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January 29, 2021. Category: Medical Malpractice

Florida Medical Malpractice Basics

An Experienced Tampa Medical Malpractice Attorney Can Help You Get Compensation

Medical negligence can lead to severe injury, or even death — in fact, some estimates link up to 10 percent of deaths (annually) in the United States to medical negligence.  This is a significant number, and as such, it’s no surprise that medical malpractice claims rank among the most common in the personal injury context.

Unfortunately, many plaintiffs feel anxious about pursuing medical malpractice claims, perhaps due to the fact that the general public takes a softer view of healthcare professionals.  Though most healthcare professionals are doing the best they can under the circumstances, many fail their patients by not adhering to the proper standard of care.  By suing, injured patients are ensuring that healthcare professionals are forced to stay “sharp” and “cognizant” as to the impact that their failures can have on their patients.

If you’ve been subjected to medical errors that caused you injury, then you may be entitled to damages under Florida medical malpractice laws.  Conceptually, medical malpractice can be somewhat difficult to understand — for clarity, let’s take a look at some of the basics.

Understanding Medical Negligence

A healthcare professional can be held liable for medical malpractice (i.e., a claim of medical negligence) if they have violated the duty of care under the circumstances, and contributed to your injuries as a result.

However, our Tampa medical malpractice attorney knows that the duty of care can vary quite a bit. Ultimately, whether the defendant healthcare professional violated the duty of care is a fact-based question and will be evaluated by measuring their conduct against what a similarly situated healthcare professional would have done under the same circumstances.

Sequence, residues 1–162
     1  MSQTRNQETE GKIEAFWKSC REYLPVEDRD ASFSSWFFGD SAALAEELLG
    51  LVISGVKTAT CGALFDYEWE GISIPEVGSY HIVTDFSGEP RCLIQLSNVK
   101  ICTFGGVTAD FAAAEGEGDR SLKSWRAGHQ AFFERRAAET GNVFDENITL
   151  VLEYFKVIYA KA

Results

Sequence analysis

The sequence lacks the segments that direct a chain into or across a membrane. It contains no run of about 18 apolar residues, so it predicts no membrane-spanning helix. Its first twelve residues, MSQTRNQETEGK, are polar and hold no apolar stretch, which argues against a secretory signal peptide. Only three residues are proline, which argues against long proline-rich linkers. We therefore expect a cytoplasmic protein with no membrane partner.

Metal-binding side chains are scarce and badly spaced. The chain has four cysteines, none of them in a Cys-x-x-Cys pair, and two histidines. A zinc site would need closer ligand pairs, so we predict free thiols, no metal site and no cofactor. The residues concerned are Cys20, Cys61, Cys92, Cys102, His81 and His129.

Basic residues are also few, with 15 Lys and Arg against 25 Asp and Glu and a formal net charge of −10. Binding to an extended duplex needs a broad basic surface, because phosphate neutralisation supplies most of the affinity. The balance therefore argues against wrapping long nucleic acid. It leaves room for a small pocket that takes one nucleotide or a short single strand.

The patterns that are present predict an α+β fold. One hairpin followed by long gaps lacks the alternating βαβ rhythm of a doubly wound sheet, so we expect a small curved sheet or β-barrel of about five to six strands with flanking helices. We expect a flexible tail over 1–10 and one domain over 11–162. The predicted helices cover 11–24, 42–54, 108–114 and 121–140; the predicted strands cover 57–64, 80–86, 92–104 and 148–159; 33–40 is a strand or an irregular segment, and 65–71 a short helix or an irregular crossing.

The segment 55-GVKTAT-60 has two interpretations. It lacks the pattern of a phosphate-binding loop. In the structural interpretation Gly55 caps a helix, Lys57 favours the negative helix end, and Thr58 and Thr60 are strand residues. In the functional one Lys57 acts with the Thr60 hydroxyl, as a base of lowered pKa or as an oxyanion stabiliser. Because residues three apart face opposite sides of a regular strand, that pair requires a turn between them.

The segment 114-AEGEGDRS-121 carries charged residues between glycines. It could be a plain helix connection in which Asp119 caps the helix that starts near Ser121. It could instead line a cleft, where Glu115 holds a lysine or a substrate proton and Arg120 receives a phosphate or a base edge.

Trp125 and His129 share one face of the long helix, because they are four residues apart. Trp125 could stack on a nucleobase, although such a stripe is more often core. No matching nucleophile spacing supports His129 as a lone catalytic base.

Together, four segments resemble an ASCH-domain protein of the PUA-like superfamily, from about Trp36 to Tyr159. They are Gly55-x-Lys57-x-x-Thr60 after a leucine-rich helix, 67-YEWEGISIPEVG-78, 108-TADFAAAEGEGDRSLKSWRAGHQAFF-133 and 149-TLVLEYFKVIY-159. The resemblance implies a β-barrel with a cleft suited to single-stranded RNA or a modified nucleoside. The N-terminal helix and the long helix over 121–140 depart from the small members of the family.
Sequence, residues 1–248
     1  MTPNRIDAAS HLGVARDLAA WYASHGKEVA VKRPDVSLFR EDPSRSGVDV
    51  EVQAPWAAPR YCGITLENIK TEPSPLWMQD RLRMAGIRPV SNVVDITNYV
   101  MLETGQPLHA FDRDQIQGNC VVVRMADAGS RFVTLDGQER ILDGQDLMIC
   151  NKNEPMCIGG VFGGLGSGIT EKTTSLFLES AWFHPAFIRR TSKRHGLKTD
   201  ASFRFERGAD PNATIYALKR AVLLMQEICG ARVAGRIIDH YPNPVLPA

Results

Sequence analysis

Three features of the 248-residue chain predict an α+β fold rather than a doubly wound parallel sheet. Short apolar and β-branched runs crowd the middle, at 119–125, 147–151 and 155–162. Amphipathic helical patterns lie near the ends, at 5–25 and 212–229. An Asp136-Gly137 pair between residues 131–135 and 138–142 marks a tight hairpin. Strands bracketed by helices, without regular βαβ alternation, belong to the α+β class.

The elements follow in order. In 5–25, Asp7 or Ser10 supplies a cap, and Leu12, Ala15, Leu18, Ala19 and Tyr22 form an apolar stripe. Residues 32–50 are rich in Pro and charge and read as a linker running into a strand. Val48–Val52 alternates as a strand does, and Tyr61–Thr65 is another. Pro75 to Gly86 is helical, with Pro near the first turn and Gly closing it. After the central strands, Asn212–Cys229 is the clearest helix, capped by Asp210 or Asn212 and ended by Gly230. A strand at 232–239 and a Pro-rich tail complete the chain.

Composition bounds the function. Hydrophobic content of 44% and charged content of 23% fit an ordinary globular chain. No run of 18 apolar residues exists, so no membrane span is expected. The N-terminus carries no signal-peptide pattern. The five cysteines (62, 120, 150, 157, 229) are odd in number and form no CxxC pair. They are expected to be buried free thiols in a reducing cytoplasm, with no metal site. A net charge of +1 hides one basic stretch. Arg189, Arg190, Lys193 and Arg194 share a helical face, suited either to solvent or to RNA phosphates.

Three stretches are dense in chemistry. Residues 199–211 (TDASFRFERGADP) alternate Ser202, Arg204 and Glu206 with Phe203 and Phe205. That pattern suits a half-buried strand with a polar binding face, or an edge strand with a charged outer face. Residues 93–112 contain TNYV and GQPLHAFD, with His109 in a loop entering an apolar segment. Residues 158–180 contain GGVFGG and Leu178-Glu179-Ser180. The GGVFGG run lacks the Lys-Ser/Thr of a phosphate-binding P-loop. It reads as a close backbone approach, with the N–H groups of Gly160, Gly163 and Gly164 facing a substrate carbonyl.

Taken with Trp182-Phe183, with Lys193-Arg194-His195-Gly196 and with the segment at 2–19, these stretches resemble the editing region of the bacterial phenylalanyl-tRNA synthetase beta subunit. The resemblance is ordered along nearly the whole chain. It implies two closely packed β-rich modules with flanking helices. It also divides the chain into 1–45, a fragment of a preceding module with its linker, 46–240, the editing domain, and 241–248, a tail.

For example, suppose that you see a generalist physician for a check-up.  They are not able to identify your early-stage cancer given the check-up processes (and your symptoms were not such that they could have identified a potential cancerous influence).  Of course, a specialized oncologist might have — under the circumstances — been expected to identify the early-stage cancer, but a generalist is not held to the same duty of care.

Medical negligence may include the following failures:

  • Failure to diagnose
  • Delayed diagnosis
  • Failure to assign proper treatment
  • Failure to properly administer treatment
  • Failure to sanitize equipment
  • Failure to replace or identify defective equipment
  • Surgical errors
  • And more

If you believe that a treating healthcare professional has acted negligently, then it’s worth speaking to an attorney about the possibility that you have a medical malpractice claim.

The Statute of Limitations in Florida Med Mal Cases

In Florida, medical malpractice claims must be brought within two years of the date of the alleged malpractice.  Failure to bring your medical malpractice claim by the statutory deadline could result in the automatic dismissal of your case.

It’s worth noting, however, that Florida law does have a “discovery rule.”  Simply put, if you have not discovered the defendant’s negligence (i.e., if the defendant engaged in malpractice, but their malpractice is not identifiable until a later date due to medical issues cropping up down the line), then the statute of limitations period will not begin to run until the date that you discover — or reasonably should discover — the malpractice at-issue.

Speak to a Tampa Medical Malpractice Attorney Today for Legal Assistance

Here at Alley, Clark & Greiwe, our team of attorneys boasts decades of experience working on behalf of medical malpractice plaintiffs in Florida, helping them to secure the compensation they deserve.

Medical malpractice plaintiffs often face a number of challenges.  Medical professionals are well-respected in society and have extensive resources at their disposal.  As such, bringing a case against a medical professional can be quite difficult — the court may view the defendant more favorably, and the defendant may have the resources necessary to stick out lengthy litigation.

The key to success is thorough, client-centered advocacy.  If you’d like to speak to an experienced Tampa medical malpractice attorney at our firm, call us at (800) 840-0977 or contact us online to arrange a free initial consultation.  We look forward to speaking with you.

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